Communist China’s five-year plan: how Beijing steers its economy

May 28, 2020 by

As China’s global influence increases and its rivalry with the US intensifies, analysts will be watching this year’s “two sessions” of the National People’s Congress and Chinese People’s Political Consultative Conference for clues as to Beijing’s economic and social priorities, strategies and worries. These areas are likely to be the focus for China’s 14th five-year plan, the blueprint that sets the direction of the world’s second-largest economy.

Who drafts the plans?

As the 13th five-year plan draws to a close, the government is expected to set the direction of the next plan this autumn before it is tabled for the national legislature’s approval next March.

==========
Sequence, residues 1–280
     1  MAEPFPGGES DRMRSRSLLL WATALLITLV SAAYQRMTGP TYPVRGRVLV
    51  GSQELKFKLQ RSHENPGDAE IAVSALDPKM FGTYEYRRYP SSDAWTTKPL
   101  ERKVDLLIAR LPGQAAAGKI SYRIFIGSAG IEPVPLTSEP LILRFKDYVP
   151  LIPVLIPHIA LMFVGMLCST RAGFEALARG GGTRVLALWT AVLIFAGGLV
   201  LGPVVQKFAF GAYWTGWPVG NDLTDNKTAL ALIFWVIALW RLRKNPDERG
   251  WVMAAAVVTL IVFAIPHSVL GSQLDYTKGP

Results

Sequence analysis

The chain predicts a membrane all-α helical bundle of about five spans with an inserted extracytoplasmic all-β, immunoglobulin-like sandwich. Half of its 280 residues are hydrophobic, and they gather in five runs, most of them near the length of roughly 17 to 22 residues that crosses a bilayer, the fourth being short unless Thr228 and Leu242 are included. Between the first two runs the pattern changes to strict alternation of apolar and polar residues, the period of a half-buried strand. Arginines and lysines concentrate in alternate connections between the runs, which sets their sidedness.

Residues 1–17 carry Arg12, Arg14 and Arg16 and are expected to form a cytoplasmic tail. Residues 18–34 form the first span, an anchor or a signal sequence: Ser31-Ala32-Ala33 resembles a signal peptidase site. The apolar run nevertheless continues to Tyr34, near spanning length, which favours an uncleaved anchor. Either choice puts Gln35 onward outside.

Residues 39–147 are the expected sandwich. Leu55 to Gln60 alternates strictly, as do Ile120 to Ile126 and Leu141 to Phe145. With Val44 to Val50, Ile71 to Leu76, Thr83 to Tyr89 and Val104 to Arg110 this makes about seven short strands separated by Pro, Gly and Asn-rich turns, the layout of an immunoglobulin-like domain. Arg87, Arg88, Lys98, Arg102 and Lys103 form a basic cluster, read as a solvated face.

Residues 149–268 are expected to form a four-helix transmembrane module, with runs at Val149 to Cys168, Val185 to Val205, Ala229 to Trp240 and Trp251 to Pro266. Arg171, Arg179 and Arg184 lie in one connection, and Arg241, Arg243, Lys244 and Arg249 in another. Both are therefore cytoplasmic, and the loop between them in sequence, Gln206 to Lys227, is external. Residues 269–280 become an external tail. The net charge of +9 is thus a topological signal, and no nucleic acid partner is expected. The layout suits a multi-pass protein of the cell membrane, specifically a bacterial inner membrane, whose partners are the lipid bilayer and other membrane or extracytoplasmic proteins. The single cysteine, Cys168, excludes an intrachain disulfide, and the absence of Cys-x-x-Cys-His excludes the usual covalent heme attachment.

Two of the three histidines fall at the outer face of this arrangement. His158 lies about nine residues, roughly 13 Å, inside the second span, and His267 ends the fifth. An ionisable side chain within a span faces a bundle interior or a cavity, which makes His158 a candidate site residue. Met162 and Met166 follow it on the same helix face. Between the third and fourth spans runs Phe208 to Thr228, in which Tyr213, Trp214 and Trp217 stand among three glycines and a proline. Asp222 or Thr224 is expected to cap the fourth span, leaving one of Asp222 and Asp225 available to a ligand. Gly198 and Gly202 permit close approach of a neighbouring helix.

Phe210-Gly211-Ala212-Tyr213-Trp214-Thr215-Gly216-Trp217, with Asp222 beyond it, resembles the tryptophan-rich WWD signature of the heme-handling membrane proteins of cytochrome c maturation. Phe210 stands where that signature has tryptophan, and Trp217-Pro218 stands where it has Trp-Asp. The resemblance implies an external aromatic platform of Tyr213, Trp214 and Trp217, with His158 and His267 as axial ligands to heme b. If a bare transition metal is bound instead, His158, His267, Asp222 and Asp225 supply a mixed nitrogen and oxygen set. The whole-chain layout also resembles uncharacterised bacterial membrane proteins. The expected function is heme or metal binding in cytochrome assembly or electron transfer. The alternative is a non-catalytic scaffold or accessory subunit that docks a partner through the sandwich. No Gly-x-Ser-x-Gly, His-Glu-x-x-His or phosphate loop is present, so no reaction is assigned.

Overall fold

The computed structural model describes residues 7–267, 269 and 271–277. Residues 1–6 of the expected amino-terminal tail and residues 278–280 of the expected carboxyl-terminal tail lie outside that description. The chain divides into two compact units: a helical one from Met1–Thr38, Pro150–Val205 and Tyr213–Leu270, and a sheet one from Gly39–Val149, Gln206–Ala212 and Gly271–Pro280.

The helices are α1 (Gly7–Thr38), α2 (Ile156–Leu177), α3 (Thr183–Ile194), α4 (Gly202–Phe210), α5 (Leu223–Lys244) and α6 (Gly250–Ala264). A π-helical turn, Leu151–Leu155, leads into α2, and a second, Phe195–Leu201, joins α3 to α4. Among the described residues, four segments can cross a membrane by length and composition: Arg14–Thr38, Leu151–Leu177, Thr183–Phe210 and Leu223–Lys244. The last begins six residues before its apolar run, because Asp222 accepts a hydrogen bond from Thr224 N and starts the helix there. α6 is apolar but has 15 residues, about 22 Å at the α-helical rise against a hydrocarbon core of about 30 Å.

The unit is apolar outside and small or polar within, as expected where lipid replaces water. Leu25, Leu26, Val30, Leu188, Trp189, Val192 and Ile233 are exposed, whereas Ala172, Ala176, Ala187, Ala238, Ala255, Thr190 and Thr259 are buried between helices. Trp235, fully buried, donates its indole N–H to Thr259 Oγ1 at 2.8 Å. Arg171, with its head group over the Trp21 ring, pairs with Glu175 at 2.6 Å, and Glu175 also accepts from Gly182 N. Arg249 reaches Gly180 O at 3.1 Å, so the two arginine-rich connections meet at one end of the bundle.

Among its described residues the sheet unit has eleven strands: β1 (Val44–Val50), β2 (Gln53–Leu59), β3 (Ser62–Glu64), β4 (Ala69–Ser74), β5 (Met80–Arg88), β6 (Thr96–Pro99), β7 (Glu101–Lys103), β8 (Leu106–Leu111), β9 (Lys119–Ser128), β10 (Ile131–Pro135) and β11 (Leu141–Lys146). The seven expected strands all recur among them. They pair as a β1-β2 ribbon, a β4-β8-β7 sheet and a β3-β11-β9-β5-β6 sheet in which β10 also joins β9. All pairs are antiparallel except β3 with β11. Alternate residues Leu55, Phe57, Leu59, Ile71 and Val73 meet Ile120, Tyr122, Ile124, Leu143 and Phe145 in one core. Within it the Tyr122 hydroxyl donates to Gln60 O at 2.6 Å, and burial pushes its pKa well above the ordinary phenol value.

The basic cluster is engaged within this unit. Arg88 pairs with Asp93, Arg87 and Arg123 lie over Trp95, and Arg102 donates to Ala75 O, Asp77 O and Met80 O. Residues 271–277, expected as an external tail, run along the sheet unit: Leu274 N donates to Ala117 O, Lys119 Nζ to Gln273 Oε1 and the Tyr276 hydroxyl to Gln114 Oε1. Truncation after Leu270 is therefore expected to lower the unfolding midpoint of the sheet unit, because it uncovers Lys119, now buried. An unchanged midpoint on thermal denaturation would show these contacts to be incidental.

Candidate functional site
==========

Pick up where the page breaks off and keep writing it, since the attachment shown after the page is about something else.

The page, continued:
During the planned economy era, the State Planning Commission was key to drafting the five-year plans. The agency went through several transformations as China moved towards a market economy in the 1980s to become the National Development and Reform Commission (NDRC) in 2003.

With the power to approve investment projects, the NDRC expanded into a super-ministry and became the target of lobbying by local governments and big corporates. Its portfolio has been reduced since President Xi Jinping took office in 2013.


Beijing looks to the Soviet Union’s model of economic planning to prepare its 1st five-year plan. The plan is sent back to the drawing board several times before official approval in mid-1955 as 150 Russian-backed defence, mechanical, electrical, chemical and energy projects are given the go-ahead to build China’s industrial capacity, virtually from scratch.

continued: China’s five-year plan: how Beijing steers its economy

Print Friendly, PDF & Email

Leave a Reply

Your email address will not be published. Required fields are marked *

This site uses Akismet to reduce spam. Learn how your comment data is processed.